Welcome back to the “Healthy Life” podcast. Today we’re going to focus on our environment... when things don’t smell quite right...
I want to start today with a very important piece of information... people react or respond in one of two ways, out of love or fear. It’s that simple. But it’s important to know, understand, and acknowledge that after our stroke we tend to react out of fear.
It’s a fact and one that’s completely understandable. I mean consider this, in a matter of seconds our lives got turned completely upside down. Many of us seemingly lost everything and for those that didn’t... they got the scare of their lives.
Now before I go on I want to explain a big difference between two words... reacting and responding. Reacting is something that is innate and automatic. Much like a knee jerk when reflexes are checked.... it just happens automatically and can’t be controlled. Responding is a thoughtful choice. After our stroke many of us struggle to respond and instead react to most or many things out of fear.
The real challenge comes from realizing that the fear we often feel is a fear of the unknown... or the ‘what if’. After the stroke many “switches” we used to have, many controls either are removed, become locked in an on or off position and are seemingly uncontrollable. I can tell you from personal experience that you can get that connection and control back naturally. Many times medications or drugs will be suggested to create that control. The problem that you must be aware of is that medications all have side effects.
Please understand what I’m saying... you must know each medication and why it’s being suggested and what side effects it has. When I was in the hospital I was prescribed 12 medications. When I left I refused them all and met with my personal doctor and took 4 meds that she prescribed. Now I take one and watch my blood pressure 4 times a day. The point I’m trying to make is this...
Understand that medications create a response in the body not healing. Change occurs in the slow degradation of liver and kidney functions. There are more natural ways that heal. Some medications must be used but you must stay informed.
All this is to lead into challenging you to be aware of yourself and your environment and what’s in in and how you interact with it. If you are anything like me the stroke caused devastating physical challenges. You can bitch and complain about them incessantly but I’ll let you know that people will tire of that quickly.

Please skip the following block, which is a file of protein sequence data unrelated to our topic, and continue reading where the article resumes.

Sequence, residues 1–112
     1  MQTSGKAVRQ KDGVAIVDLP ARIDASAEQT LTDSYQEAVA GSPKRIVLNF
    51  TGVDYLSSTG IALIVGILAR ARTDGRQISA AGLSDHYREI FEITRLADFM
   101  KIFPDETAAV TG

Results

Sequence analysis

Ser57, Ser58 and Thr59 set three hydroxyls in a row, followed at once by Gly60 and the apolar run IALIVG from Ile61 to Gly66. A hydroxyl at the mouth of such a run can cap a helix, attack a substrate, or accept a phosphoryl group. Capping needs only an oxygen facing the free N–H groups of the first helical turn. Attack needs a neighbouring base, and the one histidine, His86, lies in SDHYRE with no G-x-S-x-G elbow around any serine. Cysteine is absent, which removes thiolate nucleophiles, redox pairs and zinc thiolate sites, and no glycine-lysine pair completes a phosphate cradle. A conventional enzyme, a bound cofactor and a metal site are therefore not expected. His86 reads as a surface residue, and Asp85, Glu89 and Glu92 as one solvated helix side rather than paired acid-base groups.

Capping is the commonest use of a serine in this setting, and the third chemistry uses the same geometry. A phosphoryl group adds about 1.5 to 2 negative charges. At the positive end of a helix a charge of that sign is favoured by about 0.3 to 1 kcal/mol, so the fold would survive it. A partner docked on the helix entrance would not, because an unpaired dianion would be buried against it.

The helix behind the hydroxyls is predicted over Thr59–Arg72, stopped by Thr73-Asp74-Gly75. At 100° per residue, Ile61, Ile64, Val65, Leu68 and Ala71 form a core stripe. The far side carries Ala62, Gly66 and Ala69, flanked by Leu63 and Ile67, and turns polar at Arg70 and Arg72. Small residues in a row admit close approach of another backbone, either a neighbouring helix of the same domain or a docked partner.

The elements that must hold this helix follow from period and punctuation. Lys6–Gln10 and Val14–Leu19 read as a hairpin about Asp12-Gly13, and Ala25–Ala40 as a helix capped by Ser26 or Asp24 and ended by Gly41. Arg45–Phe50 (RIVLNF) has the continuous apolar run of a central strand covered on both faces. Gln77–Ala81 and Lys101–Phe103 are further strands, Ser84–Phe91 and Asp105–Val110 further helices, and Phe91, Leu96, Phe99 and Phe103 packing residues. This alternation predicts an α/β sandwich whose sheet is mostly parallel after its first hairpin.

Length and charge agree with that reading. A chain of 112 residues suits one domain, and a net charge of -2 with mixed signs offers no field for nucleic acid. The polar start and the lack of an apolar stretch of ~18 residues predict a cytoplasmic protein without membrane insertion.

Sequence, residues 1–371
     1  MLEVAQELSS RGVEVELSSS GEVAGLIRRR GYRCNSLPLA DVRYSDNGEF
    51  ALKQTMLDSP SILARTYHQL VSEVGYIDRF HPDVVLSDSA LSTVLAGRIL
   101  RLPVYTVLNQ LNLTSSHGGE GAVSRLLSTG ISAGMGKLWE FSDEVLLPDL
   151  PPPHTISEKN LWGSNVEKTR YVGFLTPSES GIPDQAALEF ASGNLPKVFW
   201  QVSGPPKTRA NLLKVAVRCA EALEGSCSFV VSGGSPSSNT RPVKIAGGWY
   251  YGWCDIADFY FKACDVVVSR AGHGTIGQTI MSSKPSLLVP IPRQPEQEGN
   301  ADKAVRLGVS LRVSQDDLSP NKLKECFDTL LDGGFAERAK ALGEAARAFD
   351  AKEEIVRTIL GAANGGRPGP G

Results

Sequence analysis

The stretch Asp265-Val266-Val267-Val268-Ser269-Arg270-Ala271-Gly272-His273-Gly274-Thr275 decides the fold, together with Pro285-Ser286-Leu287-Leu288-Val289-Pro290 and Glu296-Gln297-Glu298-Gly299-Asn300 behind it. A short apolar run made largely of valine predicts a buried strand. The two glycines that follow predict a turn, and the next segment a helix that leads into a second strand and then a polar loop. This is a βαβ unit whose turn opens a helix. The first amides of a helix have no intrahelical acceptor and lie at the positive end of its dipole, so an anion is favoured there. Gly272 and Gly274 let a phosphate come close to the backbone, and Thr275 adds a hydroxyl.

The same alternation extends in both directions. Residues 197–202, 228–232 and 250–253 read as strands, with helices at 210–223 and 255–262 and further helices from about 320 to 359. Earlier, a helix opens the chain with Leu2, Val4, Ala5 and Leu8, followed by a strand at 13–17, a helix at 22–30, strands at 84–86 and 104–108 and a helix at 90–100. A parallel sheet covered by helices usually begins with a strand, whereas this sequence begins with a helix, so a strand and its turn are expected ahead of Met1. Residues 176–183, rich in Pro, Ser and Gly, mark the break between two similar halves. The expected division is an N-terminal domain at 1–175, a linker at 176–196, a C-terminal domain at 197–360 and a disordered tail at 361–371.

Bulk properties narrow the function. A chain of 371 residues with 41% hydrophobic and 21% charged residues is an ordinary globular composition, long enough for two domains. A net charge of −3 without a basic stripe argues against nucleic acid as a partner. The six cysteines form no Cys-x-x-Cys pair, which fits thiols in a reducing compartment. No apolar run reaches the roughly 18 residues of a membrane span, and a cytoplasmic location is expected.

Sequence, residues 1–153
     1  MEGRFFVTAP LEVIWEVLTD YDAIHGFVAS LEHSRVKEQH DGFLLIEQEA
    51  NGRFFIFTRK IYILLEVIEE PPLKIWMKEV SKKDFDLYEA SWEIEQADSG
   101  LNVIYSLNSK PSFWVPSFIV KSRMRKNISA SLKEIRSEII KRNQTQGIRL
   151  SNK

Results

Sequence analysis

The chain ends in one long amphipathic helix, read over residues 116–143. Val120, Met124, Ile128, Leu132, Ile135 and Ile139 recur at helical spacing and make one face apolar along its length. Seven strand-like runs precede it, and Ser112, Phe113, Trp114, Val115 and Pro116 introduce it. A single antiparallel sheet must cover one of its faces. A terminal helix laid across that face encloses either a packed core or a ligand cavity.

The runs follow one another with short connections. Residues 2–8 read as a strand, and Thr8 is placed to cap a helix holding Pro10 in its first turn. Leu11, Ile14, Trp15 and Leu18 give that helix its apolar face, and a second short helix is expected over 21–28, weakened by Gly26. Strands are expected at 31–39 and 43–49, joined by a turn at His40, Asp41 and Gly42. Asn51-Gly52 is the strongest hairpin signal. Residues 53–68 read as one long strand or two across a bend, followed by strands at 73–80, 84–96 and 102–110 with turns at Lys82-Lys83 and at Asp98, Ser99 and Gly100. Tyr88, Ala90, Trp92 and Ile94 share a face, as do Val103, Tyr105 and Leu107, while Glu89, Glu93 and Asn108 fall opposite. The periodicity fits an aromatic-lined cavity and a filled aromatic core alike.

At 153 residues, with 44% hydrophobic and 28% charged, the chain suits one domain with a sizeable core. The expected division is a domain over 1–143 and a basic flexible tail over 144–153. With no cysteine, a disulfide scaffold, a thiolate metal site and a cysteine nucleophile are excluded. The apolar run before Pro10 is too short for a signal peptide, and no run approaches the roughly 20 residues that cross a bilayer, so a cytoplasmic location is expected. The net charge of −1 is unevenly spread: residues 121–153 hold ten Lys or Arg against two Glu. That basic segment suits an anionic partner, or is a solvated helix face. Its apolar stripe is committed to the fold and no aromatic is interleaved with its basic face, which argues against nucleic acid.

Instead I’ll challenge you to work on learning to “respond” to the negative things in positive ways. Think... give yourself permission to “not know” and ask others for their advice and experiences. I’ll guarantee you that there are thousands who can provide insights, tips and help. You don’t have to admit to family members or friends what you are struggling with. But please be honest with yourself... I fought intensely with myself... and finally had to admit to myself how screwed up I was, not only physically, but emotionally and mentally. I think one of the things we try to do is make ourselves either invisible or appear normal. I used to joke that if I didn’t move or talk I appeared almost normal!
So why is it important to be aware of ourselves in our environment? Because how we act with others is usually how we see ourselves. We need to see, understand, and acknowledge that we are a work in progress. I know we thought we had arrived before we had our stroke but we can use this learning, healing and transition time to benefit ourselves and others!
Well that’s all for today ... thanks for joining me, please feel free to leave me a message at stroke.global or Facebook. Keep in mind this podcast is designed to be brief so it’s easy to add to your day... feel free to share this with others, email us your feedback and questions and follow us online on our website stroke.global or on Facebook or our twitter site. I’m excited to call you friend and look forward to supporting you in the future.